Woodward said through their efforts, they are seeing more and more first-degree murder charges being filed in these types of overdose cases.

“I think if it just gets one person to rethink, it's worth it,” he said.

For Mandy’s family, they hope by speaking out, they can save others.

“It doesn't bring closure at all, but it is a step for the future, for others,” Bryant said.

And justice for Mandy.

“I just hope that we can be a voice for it as this is what can happen to your family,” Hibbitt said.

There are several resources for families of those struggling with addiction or dealing with the death of a loved one.


What is fentanyl?

Fentanyl is an opioid that can be prescribed to patients battling severe pain. According to the Drug Enforcement Administration, it is 100 times stronger than morphine.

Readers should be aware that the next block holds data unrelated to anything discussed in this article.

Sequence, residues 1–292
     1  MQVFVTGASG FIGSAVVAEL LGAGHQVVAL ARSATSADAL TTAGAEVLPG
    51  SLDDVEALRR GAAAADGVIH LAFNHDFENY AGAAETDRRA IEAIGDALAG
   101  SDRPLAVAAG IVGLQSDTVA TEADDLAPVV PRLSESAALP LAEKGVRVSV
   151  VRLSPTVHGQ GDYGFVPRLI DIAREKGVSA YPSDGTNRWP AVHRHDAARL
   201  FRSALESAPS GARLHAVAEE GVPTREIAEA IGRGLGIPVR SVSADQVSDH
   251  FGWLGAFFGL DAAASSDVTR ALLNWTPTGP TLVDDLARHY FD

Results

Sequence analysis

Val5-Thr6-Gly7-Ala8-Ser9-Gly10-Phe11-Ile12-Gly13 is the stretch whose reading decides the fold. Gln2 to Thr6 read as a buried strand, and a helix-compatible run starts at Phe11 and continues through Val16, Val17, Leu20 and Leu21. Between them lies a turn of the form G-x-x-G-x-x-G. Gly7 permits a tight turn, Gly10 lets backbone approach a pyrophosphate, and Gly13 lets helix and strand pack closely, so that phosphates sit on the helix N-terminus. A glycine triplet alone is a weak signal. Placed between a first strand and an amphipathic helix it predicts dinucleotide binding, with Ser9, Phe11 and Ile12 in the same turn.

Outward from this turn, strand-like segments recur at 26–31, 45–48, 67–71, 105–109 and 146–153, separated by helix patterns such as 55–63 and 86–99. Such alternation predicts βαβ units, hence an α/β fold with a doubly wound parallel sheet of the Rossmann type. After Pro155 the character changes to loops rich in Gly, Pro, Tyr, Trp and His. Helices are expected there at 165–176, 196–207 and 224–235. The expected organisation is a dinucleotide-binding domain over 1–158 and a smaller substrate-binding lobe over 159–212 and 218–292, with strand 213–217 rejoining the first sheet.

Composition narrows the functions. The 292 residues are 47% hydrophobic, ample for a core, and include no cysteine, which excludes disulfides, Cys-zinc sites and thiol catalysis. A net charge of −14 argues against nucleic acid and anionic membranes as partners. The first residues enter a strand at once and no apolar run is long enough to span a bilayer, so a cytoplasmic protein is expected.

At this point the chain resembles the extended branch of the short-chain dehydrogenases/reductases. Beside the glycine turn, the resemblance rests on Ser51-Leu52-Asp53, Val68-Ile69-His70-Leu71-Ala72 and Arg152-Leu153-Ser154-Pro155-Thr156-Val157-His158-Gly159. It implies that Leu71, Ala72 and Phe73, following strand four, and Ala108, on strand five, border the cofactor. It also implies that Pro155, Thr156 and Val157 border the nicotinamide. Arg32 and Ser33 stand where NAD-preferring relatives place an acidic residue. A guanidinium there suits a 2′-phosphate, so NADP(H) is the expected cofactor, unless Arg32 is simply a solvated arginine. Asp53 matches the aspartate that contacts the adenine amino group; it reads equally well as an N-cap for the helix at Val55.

Fentanyl is a major contributor to fatal and non-fatal overdoses in the US, according to the CDC.

Fentanyl is produced and prescribed as a medicine, but it is also made illegally and laced into other illegal drugs, often without the user knowing it’s there. 

“It is often added to other drugs because of its extreme potency,” the CDC says. “which makes drugs cheaper, more powerful, more addictive, and more dangerous.”

Fentanyl Overdoses On The Rise

Fentanyl overdoses have been steadily on the rise since 2017, according to the Bureau of Narcotics and Dangerous Drugs Control. In 2017, the BNDDC reports 54 fentanyl overdoses, 39 for 2018, 54 for 2019, 137 for 2020, 299 for 2021 and 474 for 2022.